Also, here is your regularly scheduled reminder that Tony Lippett murdered Baylor’s kicker this past season. You’re welcome.
The McCains (Brice and Bobby)-
Initially, I was going to do separate segments for the two corners. However, I came to the realization that their skill sets and roles actually could be remarkably similar for the Dolphins. Both have the on-field ability of a nickel corner. They are more suited to play inside, partially due to a lack of top end speed to keep up with pass catchers on the outside. Bobby McCain (the team’s 5th round pick) struggles particularly when he has to make an aggressive play on the football. His strength lies in his agility and instincts, which allow him to process and play and move with anticipation. Brice McCain has had more experience in the league (because Bobby has none), and is a more refined player. His motor is one of his best qualities, and he has always been regarded as a hard-nosed player.
What to Expect:
As of now, Brice McCain is slated to be the Dolphins’ starting nickel corner. If he can perform just slightly above average, it was a great budget signing for Miami. The team needs a strong presence at the position, considering the fact that outside of he and Brent Grimes, the majority of Miami’s cornerbacks are in their first three years. Bobby McCain will be more of a project, and was another developmental pick by the Dolphins’ front office. I do not expect to see him on the field much as a rookie, but it will be interesting to watch his development through training camp and as a reserve.
The Miami Dolphins have to be concerned about cornerback heading into this season, with only one truly proven player at the position in Brent Grimes. However, the Dolphins’ have allowed for some hope by employing the “Spray and Pray” strategy. They acquired two low-cost free agents in Zack Bowman and Brice McCain, two young players in the draft in Tony Lippett and Bobby McCain, and have Will Davis and Jamar Taylor returning one year wiser. While I am not the biggest proponent of this strategy, there is something to be said for strength in numbers.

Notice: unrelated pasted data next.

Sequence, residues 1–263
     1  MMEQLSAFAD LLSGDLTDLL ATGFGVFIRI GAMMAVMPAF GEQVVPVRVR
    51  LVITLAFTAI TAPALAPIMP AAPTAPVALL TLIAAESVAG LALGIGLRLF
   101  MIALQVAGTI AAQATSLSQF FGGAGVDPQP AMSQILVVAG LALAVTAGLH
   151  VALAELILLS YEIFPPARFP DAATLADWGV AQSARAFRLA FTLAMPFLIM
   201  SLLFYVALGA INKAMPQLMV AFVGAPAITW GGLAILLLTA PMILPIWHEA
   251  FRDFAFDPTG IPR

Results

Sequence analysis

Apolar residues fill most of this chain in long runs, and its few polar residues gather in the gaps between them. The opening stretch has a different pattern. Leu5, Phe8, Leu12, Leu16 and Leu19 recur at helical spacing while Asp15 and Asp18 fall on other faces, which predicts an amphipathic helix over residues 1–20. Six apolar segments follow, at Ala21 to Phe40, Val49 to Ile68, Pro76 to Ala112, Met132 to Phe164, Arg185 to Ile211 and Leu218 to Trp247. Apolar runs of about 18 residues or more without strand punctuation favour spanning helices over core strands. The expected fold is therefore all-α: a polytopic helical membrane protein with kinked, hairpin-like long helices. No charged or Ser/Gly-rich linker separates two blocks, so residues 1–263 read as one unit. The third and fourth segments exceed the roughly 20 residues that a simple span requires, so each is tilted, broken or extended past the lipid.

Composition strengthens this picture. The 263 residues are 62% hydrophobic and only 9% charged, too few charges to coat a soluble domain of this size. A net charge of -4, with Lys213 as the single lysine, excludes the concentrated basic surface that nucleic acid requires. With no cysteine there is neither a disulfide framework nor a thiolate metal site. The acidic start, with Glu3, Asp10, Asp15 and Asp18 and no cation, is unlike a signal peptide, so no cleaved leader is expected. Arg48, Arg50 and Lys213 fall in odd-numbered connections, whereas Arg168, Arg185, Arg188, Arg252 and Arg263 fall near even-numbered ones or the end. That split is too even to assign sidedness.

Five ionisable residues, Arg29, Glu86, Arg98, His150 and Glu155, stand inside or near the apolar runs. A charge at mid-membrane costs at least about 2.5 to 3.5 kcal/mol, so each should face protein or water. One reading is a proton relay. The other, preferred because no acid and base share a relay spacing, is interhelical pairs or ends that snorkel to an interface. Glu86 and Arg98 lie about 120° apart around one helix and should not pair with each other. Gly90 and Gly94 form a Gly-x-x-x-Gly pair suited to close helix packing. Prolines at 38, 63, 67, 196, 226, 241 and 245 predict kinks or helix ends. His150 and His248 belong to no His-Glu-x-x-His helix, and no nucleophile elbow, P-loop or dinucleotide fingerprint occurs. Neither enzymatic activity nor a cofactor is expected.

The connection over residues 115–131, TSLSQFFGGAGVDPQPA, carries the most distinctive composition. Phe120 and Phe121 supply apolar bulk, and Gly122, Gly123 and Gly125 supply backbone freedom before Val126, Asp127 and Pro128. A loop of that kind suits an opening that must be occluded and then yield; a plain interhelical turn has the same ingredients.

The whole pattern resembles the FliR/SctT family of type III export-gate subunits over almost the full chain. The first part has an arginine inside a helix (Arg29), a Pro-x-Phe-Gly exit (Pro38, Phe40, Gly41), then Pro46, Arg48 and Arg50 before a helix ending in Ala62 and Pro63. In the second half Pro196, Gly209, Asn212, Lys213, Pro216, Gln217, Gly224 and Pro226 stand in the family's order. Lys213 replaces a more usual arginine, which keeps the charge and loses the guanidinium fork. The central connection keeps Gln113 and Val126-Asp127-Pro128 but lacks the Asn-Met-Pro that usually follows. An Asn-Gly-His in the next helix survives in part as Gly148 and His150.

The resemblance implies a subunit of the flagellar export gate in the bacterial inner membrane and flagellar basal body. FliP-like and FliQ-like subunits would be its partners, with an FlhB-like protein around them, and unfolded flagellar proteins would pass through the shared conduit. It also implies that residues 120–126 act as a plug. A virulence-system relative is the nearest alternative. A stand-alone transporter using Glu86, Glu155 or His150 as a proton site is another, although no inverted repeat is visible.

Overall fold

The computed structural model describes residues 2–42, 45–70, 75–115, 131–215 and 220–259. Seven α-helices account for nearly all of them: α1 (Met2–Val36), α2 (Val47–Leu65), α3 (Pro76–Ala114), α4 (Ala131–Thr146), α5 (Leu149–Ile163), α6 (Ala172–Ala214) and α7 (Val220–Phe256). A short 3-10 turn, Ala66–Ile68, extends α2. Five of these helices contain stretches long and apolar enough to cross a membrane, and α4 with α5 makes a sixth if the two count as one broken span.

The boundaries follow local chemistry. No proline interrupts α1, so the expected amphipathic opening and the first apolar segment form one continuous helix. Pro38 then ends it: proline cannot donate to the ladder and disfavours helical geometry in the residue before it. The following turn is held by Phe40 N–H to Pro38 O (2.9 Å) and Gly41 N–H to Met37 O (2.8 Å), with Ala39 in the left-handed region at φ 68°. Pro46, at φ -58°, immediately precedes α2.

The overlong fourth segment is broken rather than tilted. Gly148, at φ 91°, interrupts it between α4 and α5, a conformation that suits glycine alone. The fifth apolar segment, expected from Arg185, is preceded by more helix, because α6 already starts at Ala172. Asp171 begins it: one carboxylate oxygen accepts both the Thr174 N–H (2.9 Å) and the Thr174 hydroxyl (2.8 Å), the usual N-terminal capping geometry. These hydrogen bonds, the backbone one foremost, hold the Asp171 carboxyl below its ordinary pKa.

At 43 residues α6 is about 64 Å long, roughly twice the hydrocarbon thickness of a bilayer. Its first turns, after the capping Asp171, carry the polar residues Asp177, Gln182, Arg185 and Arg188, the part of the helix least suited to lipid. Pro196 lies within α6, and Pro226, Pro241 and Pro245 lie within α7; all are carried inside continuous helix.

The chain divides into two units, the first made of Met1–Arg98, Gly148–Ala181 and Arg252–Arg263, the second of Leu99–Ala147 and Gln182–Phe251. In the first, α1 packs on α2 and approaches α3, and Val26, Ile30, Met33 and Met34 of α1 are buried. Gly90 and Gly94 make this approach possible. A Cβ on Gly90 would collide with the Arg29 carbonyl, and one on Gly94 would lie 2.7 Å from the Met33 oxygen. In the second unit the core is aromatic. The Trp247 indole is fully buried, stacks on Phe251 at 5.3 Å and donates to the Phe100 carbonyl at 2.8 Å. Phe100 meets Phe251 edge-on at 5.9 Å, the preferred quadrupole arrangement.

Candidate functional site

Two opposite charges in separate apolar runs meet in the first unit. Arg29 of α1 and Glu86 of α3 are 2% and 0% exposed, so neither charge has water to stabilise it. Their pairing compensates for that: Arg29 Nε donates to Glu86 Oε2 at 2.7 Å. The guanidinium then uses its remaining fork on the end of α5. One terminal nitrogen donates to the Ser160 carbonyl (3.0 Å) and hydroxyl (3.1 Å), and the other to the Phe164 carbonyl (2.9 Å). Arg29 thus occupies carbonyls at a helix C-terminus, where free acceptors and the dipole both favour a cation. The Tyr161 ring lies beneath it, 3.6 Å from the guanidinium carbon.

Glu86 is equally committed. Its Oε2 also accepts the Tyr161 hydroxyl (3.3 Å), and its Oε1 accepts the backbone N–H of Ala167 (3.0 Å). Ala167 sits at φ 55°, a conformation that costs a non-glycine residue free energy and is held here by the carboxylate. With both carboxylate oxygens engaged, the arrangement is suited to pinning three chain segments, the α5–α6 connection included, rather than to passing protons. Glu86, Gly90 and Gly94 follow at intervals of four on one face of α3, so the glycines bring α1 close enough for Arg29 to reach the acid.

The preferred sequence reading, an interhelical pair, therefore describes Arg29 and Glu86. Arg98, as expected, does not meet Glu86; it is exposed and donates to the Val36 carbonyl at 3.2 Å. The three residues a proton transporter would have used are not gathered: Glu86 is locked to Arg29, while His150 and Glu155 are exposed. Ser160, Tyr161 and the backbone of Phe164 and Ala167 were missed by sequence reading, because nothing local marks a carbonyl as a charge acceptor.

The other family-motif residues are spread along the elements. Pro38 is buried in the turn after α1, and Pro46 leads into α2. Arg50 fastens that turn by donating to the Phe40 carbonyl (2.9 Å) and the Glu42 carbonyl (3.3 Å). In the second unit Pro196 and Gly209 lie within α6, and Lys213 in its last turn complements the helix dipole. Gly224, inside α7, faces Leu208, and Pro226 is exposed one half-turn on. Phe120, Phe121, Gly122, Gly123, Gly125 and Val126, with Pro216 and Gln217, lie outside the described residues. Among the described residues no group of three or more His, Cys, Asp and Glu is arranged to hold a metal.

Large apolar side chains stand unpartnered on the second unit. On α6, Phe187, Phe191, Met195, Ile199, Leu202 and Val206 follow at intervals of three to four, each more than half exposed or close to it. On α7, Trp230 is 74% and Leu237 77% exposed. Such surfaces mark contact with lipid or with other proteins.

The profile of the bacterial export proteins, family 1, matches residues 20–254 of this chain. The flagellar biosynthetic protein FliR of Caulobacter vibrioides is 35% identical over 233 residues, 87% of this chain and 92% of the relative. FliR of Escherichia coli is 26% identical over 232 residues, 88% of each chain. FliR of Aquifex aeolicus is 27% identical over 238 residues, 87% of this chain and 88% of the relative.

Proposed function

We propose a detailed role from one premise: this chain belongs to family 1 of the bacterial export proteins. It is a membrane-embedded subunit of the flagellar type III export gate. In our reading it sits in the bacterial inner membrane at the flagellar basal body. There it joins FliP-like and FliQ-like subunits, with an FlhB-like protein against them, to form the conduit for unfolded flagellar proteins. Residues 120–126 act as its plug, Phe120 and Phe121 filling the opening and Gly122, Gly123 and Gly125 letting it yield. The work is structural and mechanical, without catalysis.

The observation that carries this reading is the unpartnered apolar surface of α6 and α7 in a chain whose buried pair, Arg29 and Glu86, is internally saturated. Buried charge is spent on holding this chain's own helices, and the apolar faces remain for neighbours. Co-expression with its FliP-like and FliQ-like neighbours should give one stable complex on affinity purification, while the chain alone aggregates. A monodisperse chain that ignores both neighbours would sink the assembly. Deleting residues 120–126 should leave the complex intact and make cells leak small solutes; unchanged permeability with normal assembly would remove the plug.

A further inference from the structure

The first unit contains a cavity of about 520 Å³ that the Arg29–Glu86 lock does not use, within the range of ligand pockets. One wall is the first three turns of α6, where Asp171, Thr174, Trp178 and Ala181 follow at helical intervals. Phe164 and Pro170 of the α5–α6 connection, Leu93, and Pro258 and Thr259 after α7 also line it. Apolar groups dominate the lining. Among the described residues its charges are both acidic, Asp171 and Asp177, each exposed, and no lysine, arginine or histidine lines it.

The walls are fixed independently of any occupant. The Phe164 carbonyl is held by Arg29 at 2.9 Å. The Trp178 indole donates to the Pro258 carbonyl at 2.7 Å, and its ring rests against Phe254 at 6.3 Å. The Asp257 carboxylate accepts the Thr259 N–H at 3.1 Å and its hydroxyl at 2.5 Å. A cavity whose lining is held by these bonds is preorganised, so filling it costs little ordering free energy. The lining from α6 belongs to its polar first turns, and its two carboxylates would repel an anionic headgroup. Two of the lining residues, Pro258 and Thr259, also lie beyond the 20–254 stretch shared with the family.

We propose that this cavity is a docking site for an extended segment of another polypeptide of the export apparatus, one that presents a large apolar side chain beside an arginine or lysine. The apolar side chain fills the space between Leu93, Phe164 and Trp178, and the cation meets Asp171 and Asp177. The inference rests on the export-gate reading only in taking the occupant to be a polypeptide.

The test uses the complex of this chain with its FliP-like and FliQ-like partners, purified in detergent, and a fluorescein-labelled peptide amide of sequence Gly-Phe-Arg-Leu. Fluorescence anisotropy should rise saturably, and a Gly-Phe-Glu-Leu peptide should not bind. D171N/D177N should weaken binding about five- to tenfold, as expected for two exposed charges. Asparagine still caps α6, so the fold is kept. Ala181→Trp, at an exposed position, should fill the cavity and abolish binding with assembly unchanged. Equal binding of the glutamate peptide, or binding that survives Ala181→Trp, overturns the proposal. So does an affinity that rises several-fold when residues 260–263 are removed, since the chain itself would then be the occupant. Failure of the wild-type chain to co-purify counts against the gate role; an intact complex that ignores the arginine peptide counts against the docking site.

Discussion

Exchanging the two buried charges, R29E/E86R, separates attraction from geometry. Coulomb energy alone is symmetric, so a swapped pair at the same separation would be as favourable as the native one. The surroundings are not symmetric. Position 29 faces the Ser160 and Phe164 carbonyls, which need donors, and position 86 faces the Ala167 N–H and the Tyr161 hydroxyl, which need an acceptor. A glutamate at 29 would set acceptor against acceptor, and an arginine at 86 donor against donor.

Outside of Grimes, the field of cornerbacks appears fairly even right now. That is a good thing because it means the team has more depth at the position, but is a negative because it means nobody has separated themselves from the rest of the pack. Heading into training camp, the battle for the two starting cornerback positions (opposite Grimes, and in the slot) will be very interesting. The Dolphins’ are relying on at least one player to elevate their performance, and help the team’s secondary out in 2015. With loads of young talent, Miami’s coaching staff should be hopeful that there is at least one diamond in the rough hidden within a very crowded secondary.